The Education of the Henry Adams reviews Adams's and the United States's education and growth during the 19th century. Adams was an old man who had Puritan beliefs about sex and religion. In this autobiography, Adams voices his skepticism about man's newfound power to control the direction of history, in particular, the exploding world of science and technology, where all certainties of the future have vanished (anb.org, 1).
Adams grew up in the United Stated where he was a Puritan. Puritans believed that sex (women especially) was just a form of fertility and reproduction; otherwise "sex was a sin" (Adams, 384). "American art, like the American language and American education, was as far as possible sexless" (Adams, 385). The only sculptures and paintings of women that Adams viewed with understanding were those like the Virgin Mary, who was always seen as non-sexual. For example, "America was ashamed of her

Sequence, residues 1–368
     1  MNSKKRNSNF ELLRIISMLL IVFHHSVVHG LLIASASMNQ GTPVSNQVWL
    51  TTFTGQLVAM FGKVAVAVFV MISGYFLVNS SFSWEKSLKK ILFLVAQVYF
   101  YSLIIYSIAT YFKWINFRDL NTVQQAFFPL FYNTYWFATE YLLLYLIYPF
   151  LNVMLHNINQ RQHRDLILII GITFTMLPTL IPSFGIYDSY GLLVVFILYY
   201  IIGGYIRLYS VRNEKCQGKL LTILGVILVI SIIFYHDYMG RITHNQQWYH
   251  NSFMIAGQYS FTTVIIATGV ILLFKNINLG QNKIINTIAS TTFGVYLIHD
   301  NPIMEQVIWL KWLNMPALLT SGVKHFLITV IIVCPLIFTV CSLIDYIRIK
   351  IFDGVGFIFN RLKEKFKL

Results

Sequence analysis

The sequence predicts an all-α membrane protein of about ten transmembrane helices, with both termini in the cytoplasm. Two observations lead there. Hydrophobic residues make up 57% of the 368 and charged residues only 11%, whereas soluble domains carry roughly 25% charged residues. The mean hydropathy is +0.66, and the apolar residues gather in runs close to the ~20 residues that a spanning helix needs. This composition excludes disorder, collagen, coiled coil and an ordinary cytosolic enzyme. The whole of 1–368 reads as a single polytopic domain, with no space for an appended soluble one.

have strewn fig-leaves so profusely all over her" (Adams, 384). However, during this time of the technology revolution, women were beginning to be viewed differently, especially in Europe. Women were viewed as beautiful and mortal beings. People such as Rodin were representing women in paintings and sculptures sexually. Sex was becoming something more than just a means of reproduction. Suddenly Adams was far, far away from his Puritan custom-bound life.
People were no longer motivated by religion, being saved by God, and going to heaven; science, technology, money, and power had taken over the drives of man. Religion (a common "scale" of the past) had taken the backseat to science, technology, money, power, and the new ideas and art of sex (all new "scales" of the present and the future). "In opposition to the medieval Virgin, Adams saw a new godheadthe dynamosymbol of the modern history's anarchic energies" (anova.org, 1). Adams desperately wanted to learn about the new world of technology, the "dynamos", yet he felt helpless to find this...
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